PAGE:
SURPRISE, Ariz. -- Rangers left fielder Josh Hamilton, after arriving for Spring Training on Sunday, put in a full morning of work on Tuesday.But he is still having some issues with his surgically repaired left knee. Hamilton had surgery right after the season, and there has been discomfort lingering in
SURPRISE, Ariz. -- Rangers left fielder Josh Hamilton, after arriving for Spring Training on Sunday, put in a full morning of work on Tuesday.
But he is still having some issues with his surgically repaired left knee. Hamilton had surgery right after the season, and there has been discomfort lingering in the knee for long stretches of the offseason.
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The condition has been diagnosed as inflammation in the capsule behind the left knee, and Hamilton had a cortisone injection just before FanFest in January.
"It was good for about 2 1/2 weeks, but it has started to creep back a little bit, so we'll see how it responds to being active every day," Hamilton said. "I'm not really worried about it. I ran the bases today, so we'll see. I'm doing something every day."
Hamilton, who turns 35 on May 21, had surgery on Sept. 11 to clean up the meniscus in the knee. He was sidelined for one week before returning to the lineup, but aggravated the knee running into the wall making a catch in the final week of the season. He made it through the Division Series against the Blue Jays, and then had surgery after the season.
"The doctor said there was inflammation in the capsule," Hamilton said. "I'm wondering why 2 1/2 weeks later it started happening again. Is this going to be an ongoing thing? Is this not going to be an ongoing thing? I have those questions, too."
Hamilton will get the benefit of a full Spring Training. He missed all of Spring Training last year with the Angels while recovering from offseason shoulder surgery and never really caught up, even after being traded to the Rangers on April 27.
"It's good to be here and have everybody together so they can kind of look at it, get a gameplan and see what's going on and go from there," Hamilton said.
"I'm not looking at showing up, doing a little something and leaving," Hamilton said. "It is going to be a full day whether it's all outside or inside. I don't know what their plan is, but today I went out there and stretched and threw, took fly balls and ground balls and hit and then I ran some bases. I did everything. Pick your spots when to do it and when not to do it."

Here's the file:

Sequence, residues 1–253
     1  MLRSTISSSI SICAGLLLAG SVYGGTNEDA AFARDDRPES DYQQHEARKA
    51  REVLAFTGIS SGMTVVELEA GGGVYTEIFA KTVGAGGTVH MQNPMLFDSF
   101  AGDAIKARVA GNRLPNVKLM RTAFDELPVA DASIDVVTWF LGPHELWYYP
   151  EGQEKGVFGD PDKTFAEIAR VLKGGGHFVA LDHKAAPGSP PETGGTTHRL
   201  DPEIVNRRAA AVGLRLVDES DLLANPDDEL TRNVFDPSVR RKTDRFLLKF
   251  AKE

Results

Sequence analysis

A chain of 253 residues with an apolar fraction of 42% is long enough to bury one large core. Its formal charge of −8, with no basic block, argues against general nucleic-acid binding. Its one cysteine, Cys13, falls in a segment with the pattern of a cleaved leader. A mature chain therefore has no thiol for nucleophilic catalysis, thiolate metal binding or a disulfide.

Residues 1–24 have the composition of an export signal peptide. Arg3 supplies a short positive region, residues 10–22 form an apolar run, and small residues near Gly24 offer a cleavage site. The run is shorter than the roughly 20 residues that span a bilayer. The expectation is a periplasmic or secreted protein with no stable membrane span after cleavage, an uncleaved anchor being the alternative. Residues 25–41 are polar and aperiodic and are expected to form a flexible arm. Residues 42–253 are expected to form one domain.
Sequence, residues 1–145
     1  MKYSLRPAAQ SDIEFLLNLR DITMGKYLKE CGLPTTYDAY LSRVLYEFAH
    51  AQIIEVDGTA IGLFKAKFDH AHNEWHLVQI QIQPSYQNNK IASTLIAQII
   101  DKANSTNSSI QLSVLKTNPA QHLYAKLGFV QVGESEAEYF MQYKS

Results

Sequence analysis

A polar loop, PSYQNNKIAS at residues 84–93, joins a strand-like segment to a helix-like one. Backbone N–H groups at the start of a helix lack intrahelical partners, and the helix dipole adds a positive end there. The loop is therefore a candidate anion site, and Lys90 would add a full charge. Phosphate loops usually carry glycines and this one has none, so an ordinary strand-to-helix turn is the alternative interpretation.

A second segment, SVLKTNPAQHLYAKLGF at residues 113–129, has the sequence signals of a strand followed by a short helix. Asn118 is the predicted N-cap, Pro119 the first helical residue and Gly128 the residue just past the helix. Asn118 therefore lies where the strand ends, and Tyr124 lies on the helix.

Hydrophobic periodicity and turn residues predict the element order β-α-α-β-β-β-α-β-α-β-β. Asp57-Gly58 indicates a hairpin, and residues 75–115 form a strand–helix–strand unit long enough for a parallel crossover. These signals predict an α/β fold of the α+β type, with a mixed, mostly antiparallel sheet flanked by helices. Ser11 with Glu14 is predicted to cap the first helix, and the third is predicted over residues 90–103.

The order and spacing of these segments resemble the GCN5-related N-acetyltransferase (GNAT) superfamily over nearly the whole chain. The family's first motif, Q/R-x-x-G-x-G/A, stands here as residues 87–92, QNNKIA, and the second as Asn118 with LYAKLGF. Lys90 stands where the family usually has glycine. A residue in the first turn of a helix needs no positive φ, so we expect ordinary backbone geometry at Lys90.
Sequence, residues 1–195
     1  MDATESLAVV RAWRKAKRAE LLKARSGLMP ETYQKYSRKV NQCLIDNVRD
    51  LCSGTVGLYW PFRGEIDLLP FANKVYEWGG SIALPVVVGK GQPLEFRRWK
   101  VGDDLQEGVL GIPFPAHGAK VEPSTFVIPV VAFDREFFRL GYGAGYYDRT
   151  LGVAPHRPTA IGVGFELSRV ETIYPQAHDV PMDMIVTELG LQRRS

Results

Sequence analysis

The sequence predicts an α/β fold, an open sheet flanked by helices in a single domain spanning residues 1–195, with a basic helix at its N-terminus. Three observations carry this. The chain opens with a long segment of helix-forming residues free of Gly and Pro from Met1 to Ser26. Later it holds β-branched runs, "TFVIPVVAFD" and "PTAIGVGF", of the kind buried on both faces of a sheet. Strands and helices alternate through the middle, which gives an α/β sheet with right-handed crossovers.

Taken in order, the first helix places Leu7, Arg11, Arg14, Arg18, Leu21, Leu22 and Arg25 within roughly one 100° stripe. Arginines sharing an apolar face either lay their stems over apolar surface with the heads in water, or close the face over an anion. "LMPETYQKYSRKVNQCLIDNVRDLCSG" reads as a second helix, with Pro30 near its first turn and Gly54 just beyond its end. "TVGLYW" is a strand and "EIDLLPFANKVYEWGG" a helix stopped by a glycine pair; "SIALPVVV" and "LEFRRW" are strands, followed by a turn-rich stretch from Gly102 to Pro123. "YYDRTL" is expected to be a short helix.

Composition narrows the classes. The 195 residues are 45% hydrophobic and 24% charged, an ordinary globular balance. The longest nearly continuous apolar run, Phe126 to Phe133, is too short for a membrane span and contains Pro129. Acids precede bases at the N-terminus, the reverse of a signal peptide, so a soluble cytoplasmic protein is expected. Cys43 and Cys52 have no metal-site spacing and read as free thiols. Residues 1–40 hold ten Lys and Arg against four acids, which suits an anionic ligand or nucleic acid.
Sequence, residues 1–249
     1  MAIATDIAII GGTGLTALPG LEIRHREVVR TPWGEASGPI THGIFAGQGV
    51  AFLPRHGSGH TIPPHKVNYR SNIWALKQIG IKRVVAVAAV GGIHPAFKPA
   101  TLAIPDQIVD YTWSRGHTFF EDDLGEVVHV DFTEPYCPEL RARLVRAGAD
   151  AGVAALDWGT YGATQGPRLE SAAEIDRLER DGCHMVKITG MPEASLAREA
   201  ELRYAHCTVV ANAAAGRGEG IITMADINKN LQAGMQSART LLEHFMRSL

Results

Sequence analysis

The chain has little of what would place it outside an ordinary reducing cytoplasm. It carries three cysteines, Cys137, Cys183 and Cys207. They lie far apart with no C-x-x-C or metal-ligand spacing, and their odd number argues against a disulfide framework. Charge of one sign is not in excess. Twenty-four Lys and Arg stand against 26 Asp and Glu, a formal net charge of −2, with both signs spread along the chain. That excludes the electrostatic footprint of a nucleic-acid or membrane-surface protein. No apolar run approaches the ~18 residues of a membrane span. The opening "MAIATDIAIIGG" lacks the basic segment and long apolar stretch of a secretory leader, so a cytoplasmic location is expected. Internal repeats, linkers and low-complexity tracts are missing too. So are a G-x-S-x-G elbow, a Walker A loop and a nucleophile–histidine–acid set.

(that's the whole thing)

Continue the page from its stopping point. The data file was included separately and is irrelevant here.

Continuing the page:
The Rangers' plan going into Spring Training is to be careful with Hamilton and just take it day to day. They have left field alternatives in Justin Ruggiano, Ryan Rua, Joey Gallo and James Jones, and added another one this week when they signed Ike Davis to a Minor League contract. Davis gives the Rangers another left-handed bat, but has played just two innings in the outfield in his Major League career.
"I want to be careful too," Hamilton said. "I didn't have a spring last year. I want to use this spring to the best of my ability to get ready when it counts. Hate to say it, but I have had 15 surgeries in my career.
"I'm not a spry young chicken anymore. I'm doing it smarter. I'm listening to them, try to tell them how I feel and see what they got going on and don't push it."
Hamilton admitted that might be hard to do.
"It doesn't count here, but I've never had that mentality," Hamilton said. "It has always been just go, go, go. So it's going to be a challenge for me.
"I feel like I am in good shape. I tried to stay 240 pounds before I got here but did not succeed. I came in at 246. I have been able to do all my leg stuff this offseason, so I didn't fall behind as far as strength."
Hamilton said there is no alternative at this point other than managing the knee as best he can. Another cleanup surgery likely won't do any good.
"There is nothing to clean out," Hamilton said.
T.R. Sullivan is a reporter for MLB.com. Read his blog, Postcards from Elysian Fields, follow him on Twitter @Sullivan_Ranger and listen to his podcast.